* You know radio-ready Nashvillian alt-rockers The Worsties? They're the ones who opened for Bon Jovi that time. Well, apparently the folks at the kids' program Yo Gabba Gabba are fans, as they've asked The Worsties to be their "Super Music Friends" on a couple occasions during the Yo Gabs live tour. (Interesting that a band with a song called "Drop Your Panties and Roll" found its way into the children's music game.) Well, The Worsties recently played four shows as the Super Music Friends while they were in Chicago, and during one of their sets, Muno — that's the cylindrical, curiously studded character who kinda looks like a ... well ... you know — came out and jammed with them. See the video here or after the jump. Nice axe, Muno. What is that, a Fender Mustang?
* Have you heard of the ABC show Revenge? No? OK, me neither. Apparently it's brand-new, and it's an adaptation of The Count of Monte Cristo set in The Hamptons. All right, sure! Well, local sometime country-punkers, sometime chill indie rockers Those Darlins' song "Let U Down" will be featured on tonight's episode, which airs at 10/9 p.m. Central. As the Darlins themselves put it, "Linwood singing on TV!" Dig it! Which reminds me, did we mention that JEFF the Brotherhood will be on Fallon Oct. 6? It's true! Exciting!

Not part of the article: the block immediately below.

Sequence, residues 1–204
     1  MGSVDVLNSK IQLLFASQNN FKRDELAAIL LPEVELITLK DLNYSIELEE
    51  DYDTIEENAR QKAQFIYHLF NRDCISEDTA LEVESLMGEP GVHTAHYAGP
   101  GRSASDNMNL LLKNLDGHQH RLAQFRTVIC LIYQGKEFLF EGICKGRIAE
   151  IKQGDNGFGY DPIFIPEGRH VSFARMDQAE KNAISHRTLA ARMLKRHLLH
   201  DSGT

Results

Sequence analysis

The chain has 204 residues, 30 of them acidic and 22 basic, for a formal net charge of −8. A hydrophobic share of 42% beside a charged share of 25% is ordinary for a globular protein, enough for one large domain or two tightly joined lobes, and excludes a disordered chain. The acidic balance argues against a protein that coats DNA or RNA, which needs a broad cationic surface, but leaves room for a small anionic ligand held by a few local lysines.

I drove two hours from Philadelphia to see Jeff Mangum play in Baltimore. I was excited. Then, unexpectedly, five seconds into "Oh Comely," I got kind of sad.
Over the course of the Neutral Milk Hotel frontman's set, that feeling did not go away. Something felt ... off. Maybe it was the fact that he was playing those songs (In the Aeroplane Over the Sea, On Avery Island) and only those songs — a time capsule of a performance. Yes, the reclusive genius was back from exile, but with what? It was hard not to see tragedy in those fallow years. His voice sounded great, but he used it in the service of simple acoustic versions of those classic tracks. He reached in all the same places, and warbled at all the same moments. It felt more like a recital than a performance.